In The News
NYCHA has a gas problem.
Worried that the Trump administration might destroy files as its members leave the White House, the Democratic heads of 21 House committees sent letters on Tuesday to more than 50 federal agencies, demanding they comply with federal record-keeping laws and preserve information sought in congressional subpoenas and investigations.
President Trump’s disdain for expertise is well-documented. He called Anthony S. Fauci and other medical experts “idiots.” He has ignored government scientists who accept the reality of climate change. He sidelined diplomats who warned banning Muslims would hurt the United States’ reputation overseas.
Women are on the rise in New York politics. New York women have been elected to top posts in the state Legislature and in Congress, serve as the state’s top attorney and oversee the state’s court system. While the governor and New York City’s mayor are men, both are surrounded by influential female advisers who are shaping the direction of the state.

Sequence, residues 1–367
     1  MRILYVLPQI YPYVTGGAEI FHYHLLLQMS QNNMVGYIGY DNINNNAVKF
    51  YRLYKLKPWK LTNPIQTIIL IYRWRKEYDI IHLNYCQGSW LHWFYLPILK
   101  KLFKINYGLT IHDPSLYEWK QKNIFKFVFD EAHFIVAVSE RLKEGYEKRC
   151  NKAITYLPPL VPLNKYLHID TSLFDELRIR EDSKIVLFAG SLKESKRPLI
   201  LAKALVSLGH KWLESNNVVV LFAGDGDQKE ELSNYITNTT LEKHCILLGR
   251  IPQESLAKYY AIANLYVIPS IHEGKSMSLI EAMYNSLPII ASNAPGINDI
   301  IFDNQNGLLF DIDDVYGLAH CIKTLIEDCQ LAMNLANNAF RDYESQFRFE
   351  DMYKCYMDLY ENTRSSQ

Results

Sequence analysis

The Democratic-led House Oversight Committee plans to subpoena US Customs and Border Protection for documents relating to inappropriate or derogatory social media posts or the Facebook groups that had such posts, according to a memo obtained by CNN.
The United States Postal Service is a critical component of our national infrastructure, providing a lifeline of medications, supplies, and mail for all Americans—no matter where they live. The Postal Service has become even more important as our nation contends with the COVID-19 pandemic and the November election in which more Americans will cast mail-in ballots than ever before.
The head of the U.S. Geological Survey violated the federal whistleblower protection law when he retaliated against an agency employee who had filed a complaint about his conduct, according to a new report from the Interior Department’s internal watchdog.
WASHINGTON (AP) — Public relations firms hired by the Department of Health and Human Services vetted political views of hundreds of celebrities for a planned $250 million ad blitz aimed at portraying President Donald Trump’s response to the coronavirus outbreak in a positive light, according to documents released Thursday by a House committee.
WASHINGTON — A $265 million public campaign to “defeat despair” around the coronavirus was planned partly around the politically tinged theme that “helping the president will help the country,” according to documents released on Thursday by House investigators.